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Tools for image optimization. As we saw a few weeks ago, the weight of an average web page is now almost 1.5MB (median ~1MB), with > 50% of this being images.

Tools for image optimization

It’s a harsh reminder that many of our pages on the web are still quite fat, a big concern for slower mobile data connections. BigQuery calculated medians for a HTTP Archive run thanks to Ilya Grigorik There have been plenty of well documented cases of page weight being heavy, with the Oakley site Brad Frost mentioned in April clocking in at ~ 25MB worth of images alone. Insanity. Just think of this on mobile: slower data, CPU, GPU..and it’s just ONE page. Images are a non-trivial problem to solve because they occasionally need to be high-res, but at the same time small enough to not kill your users mobile data cap. The page cost of using images on the web is however not a new problem but we’re at least moving beyond blaming scripts as the main culprit.

Tools As a general rule run lossy optimizers first, then lossless. Grunt tasks Individual tools PNG Quantizer. Imagemin. Minify images Minify images seamlessly Install $ npm install --save imagemin Usage var Imagemin = require'imagemin'; src'images/*. dest'build/images' useImageminjpegtranprogressive: true; run console.logfiles0; You can use gulp-rename to rename your files: var rename = require'gulp-rename'; src'images/foo.png' userename'bar.png'; new Imagemin() Creates a new Imagemin instance. .src(file) Type: array, buffer or string Set the files to be optimized. .dest(folder) Type: string Set the destination folder to where your files will be written. .use(plugin) Type: function Add a plugin to the middleware stack. .run(callback) Optimize your files with the given settings. callback(err, files) The callback will return an array of vinyl files in files.


Plugins The following plugins are bundled with imagemin: WebKit Has Implemented srcset, And It's A Good Thing. WebKit has made some serious news by finally implementing the srcset attribute1.

WebKit Has Implemented srcset, And It's A Good Thing

As Chair of the W3C’s Responsive Images Community Group, I’ve been alternately hoping for and dreading this moment for some time now. It turns out to be good news for all involved parties—the users browsing the Web, most of all. As with all matters pertaining to “responsive images”: it’s complicated, and it can be hard keeping up with the signal in all the noise. Here’s what you need to know. What Does It Do? As originally proposed, the srcset attribute allowed developers to specify a list of sources for an image attribute, to be delivered based on the pixel density of the user’s display: Not too scary, this markup. “Use low-res.jpg as the source for this img on low-resolution displays, and for any browser that doesn’t understand the srcset attribute. Things were starting to look scary, for a little while there. Can’t We Do That With JavaScript? Can’t We Do That With CSS? “Yes” and “No.” Tools for image optimization.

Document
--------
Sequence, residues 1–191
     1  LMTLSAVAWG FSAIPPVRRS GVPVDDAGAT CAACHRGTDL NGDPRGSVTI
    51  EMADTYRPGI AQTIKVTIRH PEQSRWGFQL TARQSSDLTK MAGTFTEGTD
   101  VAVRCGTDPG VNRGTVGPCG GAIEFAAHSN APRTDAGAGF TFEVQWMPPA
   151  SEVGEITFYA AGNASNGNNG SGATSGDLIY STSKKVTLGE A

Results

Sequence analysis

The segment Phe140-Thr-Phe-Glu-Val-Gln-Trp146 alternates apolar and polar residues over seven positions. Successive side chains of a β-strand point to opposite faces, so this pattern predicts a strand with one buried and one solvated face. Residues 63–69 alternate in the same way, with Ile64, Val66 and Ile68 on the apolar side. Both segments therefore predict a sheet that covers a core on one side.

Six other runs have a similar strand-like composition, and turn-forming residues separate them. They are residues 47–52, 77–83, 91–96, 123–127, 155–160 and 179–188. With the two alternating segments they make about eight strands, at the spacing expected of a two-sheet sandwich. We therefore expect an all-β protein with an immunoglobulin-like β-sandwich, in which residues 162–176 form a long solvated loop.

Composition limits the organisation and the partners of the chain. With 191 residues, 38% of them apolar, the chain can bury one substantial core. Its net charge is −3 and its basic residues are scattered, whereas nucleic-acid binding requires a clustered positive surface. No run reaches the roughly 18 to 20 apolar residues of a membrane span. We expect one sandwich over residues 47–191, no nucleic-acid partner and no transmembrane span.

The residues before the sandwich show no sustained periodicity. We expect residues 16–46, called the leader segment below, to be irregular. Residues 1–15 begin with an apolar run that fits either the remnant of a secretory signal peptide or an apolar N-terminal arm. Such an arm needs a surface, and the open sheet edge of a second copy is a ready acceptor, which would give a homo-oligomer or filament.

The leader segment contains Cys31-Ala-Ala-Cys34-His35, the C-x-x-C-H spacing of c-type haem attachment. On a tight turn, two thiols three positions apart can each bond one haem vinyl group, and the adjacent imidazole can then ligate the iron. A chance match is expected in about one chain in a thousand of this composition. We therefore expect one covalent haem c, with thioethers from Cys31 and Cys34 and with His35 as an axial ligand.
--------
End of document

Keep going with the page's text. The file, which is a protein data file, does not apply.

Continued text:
The 18 best image file compression tools. When you're looking to boost your website's performance, some would recommend you jump straight into a detailed analysis of each page: the HTTP requests you're making, any redirects involved, the position of scripts and style sheets, and more.

The 18 best image file compression tools

But while there's no doubt that examining these issues can help, it's important to consider the basics first. In particular, are you sure that any graphics you're using are fully optimised for the web? Don't miss this! You've probably already made sure to choose the appropriate format for each image as well as keeping its size (in pixels) to a minimum. Maybe you've reduced the JPEG quality setting as much as you can. The unfortunate reality is that, no matter how carefully you design your images, the graphics tool you're using will not save the finished files in the most efficient way. Exactly how much you can save is tricky to say for sure as it depends very much on your source graphics. Testing Which programs are the best, then? The programs.